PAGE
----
Imagine a world in which all major private wealth (every factory, patent or plot of land) is constantly for sale at a fair price and where most of the value of this property is paid out equally to all citizens as a social dividend. While one might be tempted to believe the wealthy would dominate such a hyper-market world, in fact most private wealth would become social wealth and would be shared equally by all. With most value of assets accruing to the public, every asset would become cheaper to (partially) own, democratizing the control of assets and offering everyone new opportunities to start businesses or households. At the same time, because there would be a price on every asset, large scale projects, like high speed trains, would become far easier to develop as holdouts could no longer block the right of way.
We propose a new property system, called the Common Ownership Self-Assessed Tax (COST), that would make such a world come true. Every citizen and especially corporation would self-assess the value of assets they possess, pay a roughly 7% tax on these values and be required to sell the assets to anyone willing to purchase them at this self-assessed price. This tax would raise enough revenue to eliminate other taxes on capital (such as on inheritance, corporations, capital gains, property and so forth), significantly reduce income taxes and pay down much of public debt, while at the same time funding a large social dividend (of roughly $24,000 for a family of four in the United States) or funding critical public infrastructure. At the same time, unlike most taxes, it would actually grow the economy by 5%. Beyond these economic benefits, a COST would create a healthier relationship to property, teaching us to detach from our material possessions and stop trying to exploit one another in commercial transactions, instead seeking to increase the value of common wealth and strengthening the bonds of community. And while such a dramatic change may seem like a speculative pipedream, it is a natural way, even in the near-term, to govern public resources like the radio spectrum.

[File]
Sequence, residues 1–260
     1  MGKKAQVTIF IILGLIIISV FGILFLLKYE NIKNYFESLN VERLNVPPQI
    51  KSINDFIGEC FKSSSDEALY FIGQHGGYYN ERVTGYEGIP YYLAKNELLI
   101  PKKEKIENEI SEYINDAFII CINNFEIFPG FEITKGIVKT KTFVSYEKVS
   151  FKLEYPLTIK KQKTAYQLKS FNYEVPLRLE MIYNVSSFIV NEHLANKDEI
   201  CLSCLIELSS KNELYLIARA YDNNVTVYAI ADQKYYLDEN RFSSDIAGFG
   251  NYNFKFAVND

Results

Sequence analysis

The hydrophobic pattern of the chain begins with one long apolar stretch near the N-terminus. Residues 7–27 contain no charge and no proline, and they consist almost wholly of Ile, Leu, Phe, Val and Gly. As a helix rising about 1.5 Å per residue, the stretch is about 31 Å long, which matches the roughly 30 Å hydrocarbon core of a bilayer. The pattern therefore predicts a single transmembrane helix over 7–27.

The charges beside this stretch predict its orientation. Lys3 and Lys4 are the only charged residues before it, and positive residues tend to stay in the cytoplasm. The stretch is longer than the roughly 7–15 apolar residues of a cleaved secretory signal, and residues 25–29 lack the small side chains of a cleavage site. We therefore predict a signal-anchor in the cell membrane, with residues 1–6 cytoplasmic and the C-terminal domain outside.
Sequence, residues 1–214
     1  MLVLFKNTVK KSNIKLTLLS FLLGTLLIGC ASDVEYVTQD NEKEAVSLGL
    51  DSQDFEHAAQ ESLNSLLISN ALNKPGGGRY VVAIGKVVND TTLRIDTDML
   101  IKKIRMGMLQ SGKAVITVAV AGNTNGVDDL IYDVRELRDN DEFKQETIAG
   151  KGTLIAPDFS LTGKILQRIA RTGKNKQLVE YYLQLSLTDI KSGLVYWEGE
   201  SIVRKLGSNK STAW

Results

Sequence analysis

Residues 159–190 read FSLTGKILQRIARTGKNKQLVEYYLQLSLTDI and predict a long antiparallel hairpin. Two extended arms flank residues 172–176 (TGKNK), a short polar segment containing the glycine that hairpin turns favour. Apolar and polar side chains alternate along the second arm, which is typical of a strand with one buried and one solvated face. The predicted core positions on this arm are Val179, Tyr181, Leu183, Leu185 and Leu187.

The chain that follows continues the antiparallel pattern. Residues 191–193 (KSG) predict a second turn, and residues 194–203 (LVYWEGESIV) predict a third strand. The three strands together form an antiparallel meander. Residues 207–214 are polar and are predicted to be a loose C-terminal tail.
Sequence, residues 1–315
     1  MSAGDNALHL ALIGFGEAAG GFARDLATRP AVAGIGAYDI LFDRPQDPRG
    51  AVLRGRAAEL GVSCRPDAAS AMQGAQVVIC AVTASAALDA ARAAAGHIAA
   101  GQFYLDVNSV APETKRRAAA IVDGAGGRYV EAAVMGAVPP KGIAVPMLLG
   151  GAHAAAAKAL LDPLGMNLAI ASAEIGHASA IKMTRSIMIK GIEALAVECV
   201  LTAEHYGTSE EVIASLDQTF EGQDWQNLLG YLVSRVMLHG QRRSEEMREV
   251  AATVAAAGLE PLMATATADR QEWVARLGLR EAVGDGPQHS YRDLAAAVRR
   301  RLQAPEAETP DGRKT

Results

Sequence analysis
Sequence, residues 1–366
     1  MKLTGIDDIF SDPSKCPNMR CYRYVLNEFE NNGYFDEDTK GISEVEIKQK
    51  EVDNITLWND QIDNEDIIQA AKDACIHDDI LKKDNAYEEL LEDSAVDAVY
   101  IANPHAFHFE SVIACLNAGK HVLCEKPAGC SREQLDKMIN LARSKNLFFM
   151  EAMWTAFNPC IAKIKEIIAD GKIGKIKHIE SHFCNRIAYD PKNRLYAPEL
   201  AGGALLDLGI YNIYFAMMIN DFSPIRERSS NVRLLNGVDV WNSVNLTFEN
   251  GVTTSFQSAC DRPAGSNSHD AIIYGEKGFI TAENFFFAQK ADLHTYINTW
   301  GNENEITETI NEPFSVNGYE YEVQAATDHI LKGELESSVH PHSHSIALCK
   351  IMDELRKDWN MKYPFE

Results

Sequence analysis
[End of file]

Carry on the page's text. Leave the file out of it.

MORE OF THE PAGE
To learn more, read Chapter 1 of our book here.